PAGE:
LSU will be without a key defender, but Alabama could have quarterback Tua Tagovailoa ready to go when the two Southeastern Conference powers clash Saturday afternoon in Tuscaloosa.
The contest was being billed as a "Game of the Century" until the initial College Football Playoff rankings came out Tuesday, with LSU slotted No. 2 and Alabama No. 3, both behind Ohio State. The AP poll has LSU No. 1 and Alabama No. 2.
The winner Saturday will have a huge leg up in the SEC West Division race and likely will have punched a ticket for a berth in the national playoff. The loser won't necessarily be out of the picture for either but will need some help to get there.
The game has drawn huge hype since the teams made it through October unbeaten, and Alabama officials are preparing Bryant-Denny Stadium for a possible visit by President Donald Trump.
Coach Nick Saban, who once turned down a dinner invitation from President George W. Bush because he didn't want to leave the Miami Dolphins' training camp, wants his team to keep a levelheaded approach.
"The big thing you want the players to do is not get involved in the hype surrounding the game or even think about the implications of the game," he said.
The Tigers (8-0, 4-0 SEC) lost linebacker Michael Divinity Jr. earlier this week when the senior starter announced he was leaving the team for personal reasons. Divinity had 23 tackles this season, including a team-leading three sacks. Juniors Andre Anthony (nine tackles, one sack) and Ray Thornton (3/0) will fill Divinity's spot.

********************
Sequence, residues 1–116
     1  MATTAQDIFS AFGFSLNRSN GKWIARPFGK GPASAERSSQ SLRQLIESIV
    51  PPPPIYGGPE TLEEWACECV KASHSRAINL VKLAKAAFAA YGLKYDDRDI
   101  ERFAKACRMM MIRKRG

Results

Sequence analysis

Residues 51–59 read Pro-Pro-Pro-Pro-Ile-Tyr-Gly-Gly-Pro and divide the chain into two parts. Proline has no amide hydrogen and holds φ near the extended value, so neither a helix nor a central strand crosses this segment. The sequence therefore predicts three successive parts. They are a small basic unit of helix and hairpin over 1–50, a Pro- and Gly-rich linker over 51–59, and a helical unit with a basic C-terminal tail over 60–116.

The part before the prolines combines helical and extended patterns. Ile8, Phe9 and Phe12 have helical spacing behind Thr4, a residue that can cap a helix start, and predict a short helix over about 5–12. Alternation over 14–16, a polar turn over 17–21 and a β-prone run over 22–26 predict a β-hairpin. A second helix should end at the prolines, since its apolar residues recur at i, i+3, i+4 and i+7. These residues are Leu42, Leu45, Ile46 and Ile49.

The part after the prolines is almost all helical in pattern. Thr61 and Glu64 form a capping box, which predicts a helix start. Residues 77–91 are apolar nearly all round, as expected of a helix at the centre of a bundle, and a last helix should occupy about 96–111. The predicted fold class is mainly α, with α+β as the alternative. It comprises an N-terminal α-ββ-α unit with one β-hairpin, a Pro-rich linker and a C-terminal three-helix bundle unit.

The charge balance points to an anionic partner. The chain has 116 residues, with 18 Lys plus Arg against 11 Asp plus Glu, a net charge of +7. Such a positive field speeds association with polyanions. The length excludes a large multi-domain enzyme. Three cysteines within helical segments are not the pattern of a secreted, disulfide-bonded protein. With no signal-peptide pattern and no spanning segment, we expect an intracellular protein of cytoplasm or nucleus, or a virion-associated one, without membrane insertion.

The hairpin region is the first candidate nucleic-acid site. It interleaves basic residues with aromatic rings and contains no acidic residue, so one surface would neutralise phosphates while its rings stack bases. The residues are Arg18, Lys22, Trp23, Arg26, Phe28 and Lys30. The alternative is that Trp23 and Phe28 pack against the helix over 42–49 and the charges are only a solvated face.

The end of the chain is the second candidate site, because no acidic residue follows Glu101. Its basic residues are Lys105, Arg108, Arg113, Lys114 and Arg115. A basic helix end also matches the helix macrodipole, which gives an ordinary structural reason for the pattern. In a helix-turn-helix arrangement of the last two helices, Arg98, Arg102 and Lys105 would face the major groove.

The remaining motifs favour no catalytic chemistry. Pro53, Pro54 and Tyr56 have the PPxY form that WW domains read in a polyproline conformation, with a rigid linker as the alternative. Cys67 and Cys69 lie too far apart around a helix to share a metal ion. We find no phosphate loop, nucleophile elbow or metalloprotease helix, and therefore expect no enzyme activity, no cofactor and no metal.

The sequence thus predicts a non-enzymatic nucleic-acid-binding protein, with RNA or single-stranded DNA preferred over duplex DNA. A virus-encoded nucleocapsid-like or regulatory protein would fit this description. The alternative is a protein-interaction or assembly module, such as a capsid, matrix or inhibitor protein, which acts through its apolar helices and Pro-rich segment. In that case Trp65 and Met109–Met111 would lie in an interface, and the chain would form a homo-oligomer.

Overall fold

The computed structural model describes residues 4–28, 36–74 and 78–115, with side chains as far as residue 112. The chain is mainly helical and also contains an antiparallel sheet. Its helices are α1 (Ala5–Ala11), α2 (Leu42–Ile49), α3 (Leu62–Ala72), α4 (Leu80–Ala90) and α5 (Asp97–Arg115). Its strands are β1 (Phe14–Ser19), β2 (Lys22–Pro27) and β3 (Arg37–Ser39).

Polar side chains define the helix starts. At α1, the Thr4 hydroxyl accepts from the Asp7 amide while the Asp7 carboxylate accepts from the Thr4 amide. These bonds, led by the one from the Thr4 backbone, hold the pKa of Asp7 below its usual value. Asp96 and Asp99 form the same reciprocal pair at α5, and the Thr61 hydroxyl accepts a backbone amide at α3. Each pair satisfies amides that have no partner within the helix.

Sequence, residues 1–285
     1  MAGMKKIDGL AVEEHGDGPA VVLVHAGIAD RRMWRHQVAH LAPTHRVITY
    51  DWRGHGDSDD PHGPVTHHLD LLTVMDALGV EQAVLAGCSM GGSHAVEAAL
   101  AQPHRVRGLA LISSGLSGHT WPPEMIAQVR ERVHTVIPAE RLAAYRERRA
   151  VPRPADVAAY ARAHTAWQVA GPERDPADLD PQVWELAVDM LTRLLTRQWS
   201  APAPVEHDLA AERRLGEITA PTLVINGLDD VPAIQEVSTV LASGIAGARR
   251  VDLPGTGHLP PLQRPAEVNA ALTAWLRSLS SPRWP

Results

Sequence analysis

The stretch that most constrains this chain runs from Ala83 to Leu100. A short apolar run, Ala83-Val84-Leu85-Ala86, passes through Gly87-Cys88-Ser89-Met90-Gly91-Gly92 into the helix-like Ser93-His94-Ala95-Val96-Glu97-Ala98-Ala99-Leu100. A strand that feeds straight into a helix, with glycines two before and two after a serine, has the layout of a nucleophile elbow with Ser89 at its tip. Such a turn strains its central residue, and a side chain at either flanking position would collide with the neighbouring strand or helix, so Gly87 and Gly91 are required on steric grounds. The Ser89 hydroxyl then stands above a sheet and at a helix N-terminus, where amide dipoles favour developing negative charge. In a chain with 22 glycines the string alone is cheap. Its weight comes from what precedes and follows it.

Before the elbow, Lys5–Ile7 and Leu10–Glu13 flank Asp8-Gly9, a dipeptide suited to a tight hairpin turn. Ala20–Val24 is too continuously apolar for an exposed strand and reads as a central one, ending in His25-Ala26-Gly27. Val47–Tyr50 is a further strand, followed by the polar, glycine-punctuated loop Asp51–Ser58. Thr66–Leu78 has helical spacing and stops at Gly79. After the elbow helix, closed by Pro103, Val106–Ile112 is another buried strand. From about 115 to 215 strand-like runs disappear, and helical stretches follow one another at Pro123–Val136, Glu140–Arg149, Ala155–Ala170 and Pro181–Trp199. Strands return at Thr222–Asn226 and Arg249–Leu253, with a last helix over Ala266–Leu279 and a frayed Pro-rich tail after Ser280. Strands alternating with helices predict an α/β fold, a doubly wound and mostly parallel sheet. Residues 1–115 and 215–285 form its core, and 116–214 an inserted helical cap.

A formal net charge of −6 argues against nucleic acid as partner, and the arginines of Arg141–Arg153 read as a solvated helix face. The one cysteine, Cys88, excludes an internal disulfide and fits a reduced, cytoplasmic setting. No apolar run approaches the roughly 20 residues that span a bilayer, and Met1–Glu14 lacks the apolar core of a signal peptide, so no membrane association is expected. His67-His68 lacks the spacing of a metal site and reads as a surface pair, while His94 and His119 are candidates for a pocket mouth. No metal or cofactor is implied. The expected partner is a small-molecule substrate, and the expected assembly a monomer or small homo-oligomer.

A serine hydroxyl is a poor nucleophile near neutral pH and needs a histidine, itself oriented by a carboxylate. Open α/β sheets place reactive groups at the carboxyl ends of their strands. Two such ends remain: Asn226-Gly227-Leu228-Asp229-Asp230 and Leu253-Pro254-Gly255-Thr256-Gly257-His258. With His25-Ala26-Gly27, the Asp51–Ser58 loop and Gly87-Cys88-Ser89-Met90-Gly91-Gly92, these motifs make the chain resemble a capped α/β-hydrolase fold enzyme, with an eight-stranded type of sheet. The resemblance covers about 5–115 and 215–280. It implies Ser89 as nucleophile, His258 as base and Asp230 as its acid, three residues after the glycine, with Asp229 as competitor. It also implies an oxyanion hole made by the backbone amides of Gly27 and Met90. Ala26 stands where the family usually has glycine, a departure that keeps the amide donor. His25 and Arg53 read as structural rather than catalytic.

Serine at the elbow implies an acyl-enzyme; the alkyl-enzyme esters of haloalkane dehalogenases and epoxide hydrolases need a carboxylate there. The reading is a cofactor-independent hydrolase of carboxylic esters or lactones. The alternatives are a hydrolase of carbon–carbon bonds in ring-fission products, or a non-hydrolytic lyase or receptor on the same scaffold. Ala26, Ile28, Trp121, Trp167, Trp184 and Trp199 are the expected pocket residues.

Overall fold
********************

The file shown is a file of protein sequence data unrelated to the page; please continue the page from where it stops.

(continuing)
"We'll be fine," Tigers coach Ed Orgeron said.
As for Alabama, Saban said Tagovailoa's availability will be a game-time decision. Tagovailoa injured his ankle against Tennessee on Oct. 19 and did not Arkansas the following week. The Crimson Tide (8-0, 5-0 SEC) had an open date last week.
"He did practice two days last week," Saban said.
Orgeron has no doubts.
"Sure," he said when asked if he expects Tagovailoa to play.
Tagovailoa has completed 74.7 percent of his passes for 309.4 yards per game with 27 touchdown passes against two interceptions. Working with a talented receiving group, he and LSU quarterback Joe Burrow (78.8 completion percentage, 350.6 yards per game, 30 touchdowns, four interceptions) are a big reason that this meeting is expected to be much different from the last time these two teams met in a "Game of the Century" in 2011.
LSU won that one 9-6 in overtime with all the scoring coming on field goals. It stands as Alabama's last loss in the series it leads 53-25-5.
Both teams have completely changed their offensive approach drastically since then.
"We have become more of a spread team. They have become more of a spread team," Saban said. "We've done it for a few years now. This is their first time to really sort of open it up, and it's paid dividends for them in a big way. I think it certainly features the skill players they have and the quarterback."
Big-play threats at receiver have made a difference for both teams.
For Alabama, Jerry Jeudy has 52 catches for 682 yards and eight touchdowns, DeVonta Smith 43 for 721 yards and nine scores, and Henry Ruggs III 26 for 513 and six touchdowns.
For LSU, Justin Jefferson has 55 receptions for 891 yards and nine scores, Ja'Marr Chase 43 for 749 and nine, and Terrace Marshall Jr. 22 for 333 and seven.
--Field Level Media